IPR2017-01923 (US Pat. No. 7,976,838 B2)
April 4, 2018
Decision to Insitute IPR
Brief summary: Pfizer request for institution of IPR of Genentech’s ‘838 patent related to the TNFalpha inhibitor rituximab (Rituxan) on obviousness grounds granted.
Summary: Pfizer challenged claims 1-5 and 7-14 of the ‘838 patent related to Genentech’s rheumatoid arthritis (RA) treatment Rituxan (the TNFalpha inhibitor rituximab) as invalid on obviousness grounds. The introduction explains that the ‘838 patent has been challenged by Boehringer Ingelheim and Celltrion (terminated (IPR2015-00417 and -01733, or denied (IPR2016-01667)), and that litigation is ongoing with Sandoz (which also filed IPR2017-02036 and -02042). The ‘838 patent claims “methods for treating [RA] in a human patient who experiences an inadequate response to a TNFalpha-inhibitor, comprising administering to the patient an antibody that binds to CD20, wherein the antibody is administered as two intravenous [IV] doses of 1000 mg” (claim 1; independent claims 2, 8, 10 and 11 claim variations of the method). The Board explained that in an IPR, it “interprets the claims in an expired patent according to the broadest reasonable construction [BRC] in light of the specification” (§ 42.100(b); Cuozzo, US 2016; In re Translogic (FC 2007) (claim terms are given “their ordinary and customary meaning”); In re Paulsen, FC 1994 (“[a]ny special definitions for claim terms must be set forth with reasonable clarity, deliberateness, and precision”)). And it defined “the term ‘inadequate response to a TNFalpha-inhibitor’” as being “because of toxicity and/or inadequate efficacy” as “expressly define[d]” in the ‘838 specification. Pfizer cited seven references in its obviousness argument and several grounds based on combinations of those references, of which the Board considered two. The Board found that Pfizer showed a reasonable likelihood that it would prevail in showing the unpatentability of at least claim 1” since, e.g., the De Vita 2002 reference “discloses the administration of rituximab” to RA patients that “had been non-responsive to TNFalpha inhibitors” and that “anti-CD20 therapy proved clinical beneficial” to those patients (“we are not persuaded that De Vita 2002 sufficiently discredits” Pfizer’s arguments of an expectation that rituximab would “be effective to treat RA patients regardless of their TNFalpha levels”).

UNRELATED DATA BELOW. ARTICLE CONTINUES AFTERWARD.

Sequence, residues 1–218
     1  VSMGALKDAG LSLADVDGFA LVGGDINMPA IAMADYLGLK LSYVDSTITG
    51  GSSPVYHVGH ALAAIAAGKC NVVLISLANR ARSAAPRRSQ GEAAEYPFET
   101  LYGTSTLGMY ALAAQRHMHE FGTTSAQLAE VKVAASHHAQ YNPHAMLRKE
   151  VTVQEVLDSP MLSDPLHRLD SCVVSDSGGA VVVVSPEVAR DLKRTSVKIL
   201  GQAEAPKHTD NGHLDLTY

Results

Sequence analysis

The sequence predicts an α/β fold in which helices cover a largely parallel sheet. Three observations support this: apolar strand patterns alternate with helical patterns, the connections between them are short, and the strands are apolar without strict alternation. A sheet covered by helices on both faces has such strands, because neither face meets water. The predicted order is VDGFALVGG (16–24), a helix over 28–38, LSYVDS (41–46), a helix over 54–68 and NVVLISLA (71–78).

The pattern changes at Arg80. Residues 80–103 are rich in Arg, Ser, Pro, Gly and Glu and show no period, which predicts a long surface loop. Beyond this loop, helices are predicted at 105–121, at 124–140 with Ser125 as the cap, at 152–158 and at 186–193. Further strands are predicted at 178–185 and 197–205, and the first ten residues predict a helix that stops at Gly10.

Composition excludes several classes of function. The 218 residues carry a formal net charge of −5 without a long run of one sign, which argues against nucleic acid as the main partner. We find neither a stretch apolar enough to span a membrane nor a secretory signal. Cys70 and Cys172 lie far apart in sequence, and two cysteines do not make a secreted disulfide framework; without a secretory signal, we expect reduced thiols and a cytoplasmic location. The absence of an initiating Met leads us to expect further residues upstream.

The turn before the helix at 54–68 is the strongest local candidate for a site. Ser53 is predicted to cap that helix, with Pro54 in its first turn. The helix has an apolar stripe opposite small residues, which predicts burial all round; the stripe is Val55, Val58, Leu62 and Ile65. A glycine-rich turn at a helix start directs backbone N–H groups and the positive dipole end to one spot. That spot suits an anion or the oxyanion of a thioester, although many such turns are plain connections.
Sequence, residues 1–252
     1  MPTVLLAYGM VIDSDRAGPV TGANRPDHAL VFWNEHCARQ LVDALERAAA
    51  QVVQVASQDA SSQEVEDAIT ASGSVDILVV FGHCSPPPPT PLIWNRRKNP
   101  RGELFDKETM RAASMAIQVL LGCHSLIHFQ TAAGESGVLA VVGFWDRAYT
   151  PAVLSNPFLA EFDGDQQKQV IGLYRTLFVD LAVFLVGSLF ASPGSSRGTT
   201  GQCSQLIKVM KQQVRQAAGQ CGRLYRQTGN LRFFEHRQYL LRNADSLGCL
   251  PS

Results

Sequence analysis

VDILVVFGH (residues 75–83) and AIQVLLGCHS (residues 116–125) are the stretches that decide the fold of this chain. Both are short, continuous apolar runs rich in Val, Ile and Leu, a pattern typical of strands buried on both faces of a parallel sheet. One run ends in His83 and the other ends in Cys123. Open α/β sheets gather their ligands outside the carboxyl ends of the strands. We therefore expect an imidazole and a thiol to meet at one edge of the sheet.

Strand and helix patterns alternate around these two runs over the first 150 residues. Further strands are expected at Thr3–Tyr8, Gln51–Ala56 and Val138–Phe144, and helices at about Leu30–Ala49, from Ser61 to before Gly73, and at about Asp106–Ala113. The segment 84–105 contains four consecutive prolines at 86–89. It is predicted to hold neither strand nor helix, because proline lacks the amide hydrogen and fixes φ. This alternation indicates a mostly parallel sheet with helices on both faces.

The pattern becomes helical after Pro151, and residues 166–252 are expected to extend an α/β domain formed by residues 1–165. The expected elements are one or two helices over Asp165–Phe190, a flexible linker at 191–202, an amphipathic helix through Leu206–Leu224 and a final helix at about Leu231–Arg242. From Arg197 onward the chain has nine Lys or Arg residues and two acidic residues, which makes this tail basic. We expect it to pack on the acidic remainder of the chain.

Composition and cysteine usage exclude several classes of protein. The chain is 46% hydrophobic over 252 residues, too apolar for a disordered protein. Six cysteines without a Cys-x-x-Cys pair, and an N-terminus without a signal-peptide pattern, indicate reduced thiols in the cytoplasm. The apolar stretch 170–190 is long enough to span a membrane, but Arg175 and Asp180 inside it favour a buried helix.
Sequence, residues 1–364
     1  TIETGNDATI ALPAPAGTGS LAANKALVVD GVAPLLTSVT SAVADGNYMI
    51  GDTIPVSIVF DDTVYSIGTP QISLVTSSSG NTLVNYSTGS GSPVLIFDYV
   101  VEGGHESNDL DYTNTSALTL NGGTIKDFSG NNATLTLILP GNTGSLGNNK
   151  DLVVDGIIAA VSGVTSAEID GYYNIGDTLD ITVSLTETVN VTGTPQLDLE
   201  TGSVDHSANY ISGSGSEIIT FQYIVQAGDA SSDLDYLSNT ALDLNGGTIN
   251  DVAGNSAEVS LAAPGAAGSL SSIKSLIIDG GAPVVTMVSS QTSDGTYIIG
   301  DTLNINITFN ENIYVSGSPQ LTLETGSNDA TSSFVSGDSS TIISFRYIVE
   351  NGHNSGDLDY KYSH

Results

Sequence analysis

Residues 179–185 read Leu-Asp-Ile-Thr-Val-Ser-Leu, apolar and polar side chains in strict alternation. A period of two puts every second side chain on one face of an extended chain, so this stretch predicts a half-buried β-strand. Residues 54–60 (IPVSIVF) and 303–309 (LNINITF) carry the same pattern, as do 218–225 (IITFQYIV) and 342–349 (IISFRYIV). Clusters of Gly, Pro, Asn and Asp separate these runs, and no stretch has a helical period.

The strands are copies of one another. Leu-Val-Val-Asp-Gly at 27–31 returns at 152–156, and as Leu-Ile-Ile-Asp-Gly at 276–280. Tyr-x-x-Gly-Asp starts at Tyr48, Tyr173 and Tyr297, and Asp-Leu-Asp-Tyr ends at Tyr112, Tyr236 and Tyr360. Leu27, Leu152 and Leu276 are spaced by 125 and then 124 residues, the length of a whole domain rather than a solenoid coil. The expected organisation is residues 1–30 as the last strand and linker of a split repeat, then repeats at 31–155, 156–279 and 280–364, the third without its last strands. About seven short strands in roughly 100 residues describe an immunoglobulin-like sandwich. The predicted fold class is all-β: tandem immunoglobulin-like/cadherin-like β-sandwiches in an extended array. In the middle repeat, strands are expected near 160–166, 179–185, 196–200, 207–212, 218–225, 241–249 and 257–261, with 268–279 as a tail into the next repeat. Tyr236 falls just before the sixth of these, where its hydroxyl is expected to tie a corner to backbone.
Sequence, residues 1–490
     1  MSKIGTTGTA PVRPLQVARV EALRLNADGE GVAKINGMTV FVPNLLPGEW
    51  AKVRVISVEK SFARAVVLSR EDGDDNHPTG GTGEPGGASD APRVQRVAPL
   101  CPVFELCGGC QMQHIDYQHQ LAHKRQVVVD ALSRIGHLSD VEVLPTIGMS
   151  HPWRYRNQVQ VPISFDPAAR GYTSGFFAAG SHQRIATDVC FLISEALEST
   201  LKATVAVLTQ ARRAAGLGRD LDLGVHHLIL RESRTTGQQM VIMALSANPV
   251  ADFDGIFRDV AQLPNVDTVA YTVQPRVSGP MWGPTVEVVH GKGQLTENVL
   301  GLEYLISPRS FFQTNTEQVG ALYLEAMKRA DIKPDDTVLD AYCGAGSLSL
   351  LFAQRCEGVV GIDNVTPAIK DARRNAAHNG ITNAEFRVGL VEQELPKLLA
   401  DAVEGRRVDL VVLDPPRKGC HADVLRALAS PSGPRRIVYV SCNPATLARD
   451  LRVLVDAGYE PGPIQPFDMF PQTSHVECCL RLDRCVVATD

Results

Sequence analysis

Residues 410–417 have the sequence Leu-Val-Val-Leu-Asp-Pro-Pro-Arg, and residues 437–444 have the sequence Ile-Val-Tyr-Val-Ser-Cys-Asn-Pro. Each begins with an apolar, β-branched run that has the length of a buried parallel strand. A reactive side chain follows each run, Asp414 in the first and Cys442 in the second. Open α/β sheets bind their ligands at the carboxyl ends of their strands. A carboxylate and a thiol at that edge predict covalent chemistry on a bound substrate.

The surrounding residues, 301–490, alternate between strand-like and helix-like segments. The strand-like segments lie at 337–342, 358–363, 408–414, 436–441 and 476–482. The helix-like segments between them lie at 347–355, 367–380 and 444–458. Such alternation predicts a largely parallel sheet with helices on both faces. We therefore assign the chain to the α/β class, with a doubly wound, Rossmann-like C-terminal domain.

The Board also addressed Genentech’s “discretionary denial arguments” based on § 325(d) (“MULTIPLE PROCEEDINGS”) (Harmonic, FC 2016), explaining that its discretion “involves a balance amongst several competing interests” (Neil Ziegman, IPR2015-01860; Fox Factory, IPR2016-01876; Cultec, IPR2017-00777). Here, Genentech requested denial of institution “because ‘the Petition relies on substantially the same art and arguments previously presented in both prosecution and prior IPRs” (the Boehringer and Celltrion IPRs). The Board rejected the prosecution history-based arguments because, e.g., while one reference (“Edwards 2002”) was cited in an IDS, “at no point did the Examiner rejected any Challenged Claim in light of” the reference, “alone or in combination” and Pfizer’s arguments regarding others “differ substantially from arguments considered or positions taken by the Examiner during prosecution.” The Board also found Pfizer’s arguments to be different than those presented in the other IPRs. Genentech also requested denial under § 314(a)/General Plastic Ind. (IPR2016-01357) (regarding “seven nonexclusive factors” considered for “a follow-on petition on the same patent”), and the Board denied this ground as this reasoning is applicable only to “the same petitioner with respect to the same patent”.